Counting moving objects is one of the most popular use cases in computer vision (CV). It is used, among other things, in traffic analysis and as part of the automation of manufacturing processes. That is why understanding how to do it well is crucial for any CV engineer.
With this tutorial, you will be able to build a reusable script that you can successfully apply to your project. We will also test it on two seemingly different examples to see how it would perform in the wild.
Follow along using the open-source notebook we have prepared, where you will find a working example.
Before we start, let’s create the blueprint for our application. We have a few key steps to make — detection tracking, counting, and annotation. For each of those steps, we’ll use state-of-the-art tools — YOLOv8, ByteTrack, and Supervision.
Object Detection with YOLOv8
As mentioned, our work starts with detection. There are dozens of libraries for object detection or image segmentation; in principle, we could use any of them. However, for this project, we will use YOLOv8. Its native pip package support will make our lives much easier.
YOLOv8 provides an SDK that allows training or prediction in just a few lines of Python code. We recently published an article that describes the new API in detail if you are curious to dive deeper. This post will only focus on a selected part we need for this project.
We will use two basic features — model loading and inference on a single image. In the example above,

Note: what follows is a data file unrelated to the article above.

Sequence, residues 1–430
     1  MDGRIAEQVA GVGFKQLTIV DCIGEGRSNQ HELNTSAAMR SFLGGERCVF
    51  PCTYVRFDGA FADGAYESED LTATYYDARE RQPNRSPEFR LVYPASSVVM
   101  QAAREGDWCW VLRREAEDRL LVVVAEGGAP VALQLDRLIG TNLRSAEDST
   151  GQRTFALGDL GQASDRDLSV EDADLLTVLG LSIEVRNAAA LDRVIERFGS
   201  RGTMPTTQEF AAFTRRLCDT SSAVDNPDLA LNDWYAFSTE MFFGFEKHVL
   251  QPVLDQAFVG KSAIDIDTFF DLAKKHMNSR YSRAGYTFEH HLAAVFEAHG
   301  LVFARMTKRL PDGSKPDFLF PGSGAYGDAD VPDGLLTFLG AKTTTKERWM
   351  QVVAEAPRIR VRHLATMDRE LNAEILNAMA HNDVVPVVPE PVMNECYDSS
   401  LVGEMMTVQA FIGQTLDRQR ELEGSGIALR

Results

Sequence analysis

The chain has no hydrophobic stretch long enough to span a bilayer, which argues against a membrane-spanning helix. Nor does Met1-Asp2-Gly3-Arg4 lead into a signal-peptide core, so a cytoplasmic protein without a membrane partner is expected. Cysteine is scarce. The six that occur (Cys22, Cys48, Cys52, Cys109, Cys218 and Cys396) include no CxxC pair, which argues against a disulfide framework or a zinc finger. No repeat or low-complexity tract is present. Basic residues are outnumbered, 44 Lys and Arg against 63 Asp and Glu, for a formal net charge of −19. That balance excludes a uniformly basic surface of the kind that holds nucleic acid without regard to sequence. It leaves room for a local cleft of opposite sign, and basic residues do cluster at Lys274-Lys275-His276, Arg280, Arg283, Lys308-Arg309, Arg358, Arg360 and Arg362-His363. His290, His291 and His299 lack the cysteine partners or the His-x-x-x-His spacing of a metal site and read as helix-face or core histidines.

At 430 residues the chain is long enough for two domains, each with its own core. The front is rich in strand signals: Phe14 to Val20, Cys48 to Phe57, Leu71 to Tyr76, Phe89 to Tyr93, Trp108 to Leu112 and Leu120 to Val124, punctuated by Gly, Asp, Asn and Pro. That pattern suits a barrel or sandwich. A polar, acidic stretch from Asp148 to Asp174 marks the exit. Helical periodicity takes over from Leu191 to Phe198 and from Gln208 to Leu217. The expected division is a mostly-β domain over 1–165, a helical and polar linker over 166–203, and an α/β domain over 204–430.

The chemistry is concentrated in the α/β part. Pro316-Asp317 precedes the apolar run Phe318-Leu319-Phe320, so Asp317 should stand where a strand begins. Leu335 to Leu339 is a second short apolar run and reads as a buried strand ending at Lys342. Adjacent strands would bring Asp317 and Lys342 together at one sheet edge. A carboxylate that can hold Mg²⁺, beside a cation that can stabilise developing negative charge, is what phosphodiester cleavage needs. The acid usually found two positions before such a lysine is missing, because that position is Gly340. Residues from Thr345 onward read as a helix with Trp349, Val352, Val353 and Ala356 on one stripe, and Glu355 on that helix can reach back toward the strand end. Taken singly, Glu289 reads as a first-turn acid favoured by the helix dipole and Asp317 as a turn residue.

MODEL_PATH is the path leading to the model. For pre-trained models, you can simply define the version of the model you want to use, for example,
yolov8x.pt. And a
frame is an
numpy array representing a loaded photo or frame from a video.
Object Tracking with ByteTrack
In order to count how many individual objects have crossed a line, we need a tracker. As with detectors, we have many options available — SORT, DeepSort, FairMOT, etc. Those who remember our Football Players Tracking project will know that ByteTrack is a favorite, and it’s the one we will use this time as well.
This time, however, we will not use the official repository. Instead, we will use an unofficial package developed by the community. This change will allow us to shorten the installation process to just one line.
The process of integrating the detector with the tracker is quite convoluted. Refer to the notebook, where we have explained all the steps in detail.
Counting Objects with Supervision
Just ask yourself how many times you’ve scrolled Twitter or LinkedIn and seen a demo showing how to count cars moving down the road. However, despite this, there are no reusable open-source tools you can use to streamline that process.
At Roboflow, we want to make it easier to build applications using computer vision, and sharing open-source tools is an important part of that mission. This is one of the reasons that motivated us to create Supervision —a Python library to solve common problems you encounter in any computer vision project.
To get started, install the package using pip. Supervision is still in beta, so to avoid problems, we recommend freezing the version.
Now, let’s quickly go through the elements we have simplified with our new library. First things first — reading frames from the source video and writing the processed ones to the output file.
We can’t forget our main key component— LineCounter, which counts how many individual detections have crossed a virtual line.
Example: Counting Candy
As promised, we tested our application on a completely different use case: counting candy moving along a conveyor belt. Below you can see the results with almost no changes to the code. The only thing adjusted was the path to the model and the location of the lines.
You now know how to use Supervision to bootstrap your project and unleash your creativity by tracking and counting objects of interest. As a next step, deploy your trained model locally or on-device using the open source Roboflow Inference Server.